Here's What You Need To Know Before Buying A Used Tesla

Even when embroiled in a litany of ongoing investigations, recalls, and general good old-fashioned controversy, Tesla is the name of the game when it comes to wide-market appeal electric vehicles — that is, until companies with longer histories of making mass-produced cars like General Motors and Ford rise up to take the EV crown. Still, it's hard to drive even a few minutes without seeing a Tesla noiselessly scooting around. 

Unlike most automakers, Tesla doesn't go by a traditional and outdated dealership model. You can just go to a Tesla Store and buy the car on the spot provided they have it in stock, or you can order it through Tesla's site with most of the lineup taking delivery by early spring. Compare that to another EV like the Ford F-150 Lightning where Ford has been scrambling to get the cars out to dealers. But what if you wanted to buy a used Tesla? Buying used is the best way to save money on a car purchase. Add that to the gas savings you would have with an EV and it wouldn't be a terrible financial decision to make provided the funds are in order.

What to look for when buying a used Tesla

There's good news for the indecisive crowd as Tesla's lineup only currently consists of four cars. Tesla made the Roadster well over a decade ago, but its current lineup represents most of what you would see for sale. There's the mid-size Model 3 that's by far the most common Tesla. The Model Y is the brand's crossover-like vehicle. The Model X is a falcon-winged SUV shaped like a really fast orca. And lastly, there's the Model S, which can accelerate faster than most other production cars that currently exist.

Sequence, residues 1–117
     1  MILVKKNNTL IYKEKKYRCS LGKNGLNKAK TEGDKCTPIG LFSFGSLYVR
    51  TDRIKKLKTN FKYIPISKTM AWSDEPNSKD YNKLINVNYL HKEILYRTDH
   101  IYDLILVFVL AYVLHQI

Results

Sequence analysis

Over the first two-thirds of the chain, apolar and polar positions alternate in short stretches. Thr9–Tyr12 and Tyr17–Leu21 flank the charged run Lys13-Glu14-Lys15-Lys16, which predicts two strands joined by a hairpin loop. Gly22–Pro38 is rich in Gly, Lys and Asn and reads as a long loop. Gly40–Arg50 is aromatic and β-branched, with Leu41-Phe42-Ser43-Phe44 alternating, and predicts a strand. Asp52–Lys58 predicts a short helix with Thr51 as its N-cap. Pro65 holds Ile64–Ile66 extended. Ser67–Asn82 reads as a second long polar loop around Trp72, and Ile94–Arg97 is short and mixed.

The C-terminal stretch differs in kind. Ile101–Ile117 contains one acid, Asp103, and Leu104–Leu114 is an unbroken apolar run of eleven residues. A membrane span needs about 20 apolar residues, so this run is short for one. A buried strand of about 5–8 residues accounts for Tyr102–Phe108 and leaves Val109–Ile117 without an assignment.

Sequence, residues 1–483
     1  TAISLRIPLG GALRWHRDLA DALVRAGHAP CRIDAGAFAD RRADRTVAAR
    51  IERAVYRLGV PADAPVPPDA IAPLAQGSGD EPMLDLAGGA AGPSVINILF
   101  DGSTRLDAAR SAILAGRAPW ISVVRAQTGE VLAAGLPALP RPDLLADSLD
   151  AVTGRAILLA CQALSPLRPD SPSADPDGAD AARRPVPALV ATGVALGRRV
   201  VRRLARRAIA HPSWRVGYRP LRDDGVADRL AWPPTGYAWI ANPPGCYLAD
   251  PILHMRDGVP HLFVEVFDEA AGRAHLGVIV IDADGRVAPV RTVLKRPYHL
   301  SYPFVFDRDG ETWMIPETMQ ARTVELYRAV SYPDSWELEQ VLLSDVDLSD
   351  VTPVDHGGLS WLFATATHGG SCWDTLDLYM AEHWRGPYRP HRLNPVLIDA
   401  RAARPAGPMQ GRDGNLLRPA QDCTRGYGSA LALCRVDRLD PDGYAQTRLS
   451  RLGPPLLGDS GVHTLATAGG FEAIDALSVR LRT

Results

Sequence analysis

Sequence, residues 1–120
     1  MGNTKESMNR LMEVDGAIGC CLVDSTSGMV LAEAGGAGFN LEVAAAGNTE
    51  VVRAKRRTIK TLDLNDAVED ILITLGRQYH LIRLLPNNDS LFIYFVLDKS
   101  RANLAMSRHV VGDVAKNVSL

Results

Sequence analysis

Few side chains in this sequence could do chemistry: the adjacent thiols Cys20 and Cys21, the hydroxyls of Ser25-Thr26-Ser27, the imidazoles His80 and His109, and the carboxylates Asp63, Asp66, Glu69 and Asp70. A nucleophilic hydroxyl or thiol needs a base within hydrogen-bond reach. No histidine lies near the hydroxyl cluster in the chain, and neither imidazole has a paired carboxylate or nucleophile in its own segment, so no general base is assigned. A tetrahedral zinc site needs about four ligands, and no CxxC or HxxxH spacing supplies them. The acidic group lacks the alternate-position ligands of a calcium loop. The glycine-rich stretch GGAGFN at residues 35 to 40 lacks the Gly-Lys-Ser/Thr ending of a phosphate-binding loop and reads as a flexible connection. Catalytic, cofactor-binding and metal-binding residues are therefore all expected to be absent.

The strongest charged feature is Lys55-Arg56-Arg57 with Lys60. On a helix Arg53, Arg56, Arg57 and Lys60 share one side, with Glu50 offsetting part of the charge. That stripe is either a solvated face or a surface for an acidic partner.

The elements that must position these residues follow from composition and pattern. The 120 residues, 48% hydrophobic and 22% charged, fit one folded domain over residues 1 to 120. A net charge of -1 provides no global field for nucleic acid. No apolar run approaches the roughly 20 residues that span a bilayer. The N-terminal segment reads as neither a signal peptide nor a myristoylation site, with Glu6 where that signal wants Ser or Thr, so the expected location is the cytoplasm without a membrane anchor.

If you don't want to spend a lot of time looking, Tesla itself has a used inventory on its site consisting of cars that have passed the brand's inspection muster. As with all EVs, the battery is the biggest cause of concern and the largest potential headache if it goes bad. All Tesla's used or new are covered by some sort of warranty if purchased directly from Tesla. From the date of manufacture, the battery is covered by eight years or a certain mileage: 100,000 miles for the base Model 3, 120,000 miles for other versions of the Model 3 and all Model Ys, and 150,000 miles for the Model S and X. 

If the battery or EV motors go belly up within that period, you should be covered. After that, there is a one-year or 10,000-mile limited warranty. As with all cars, EV or not, make sure you're buying from a reputable dealer or seller and if possible, get a mechanic who specializes in EVs to give the car a look for any potential problems before you purchase.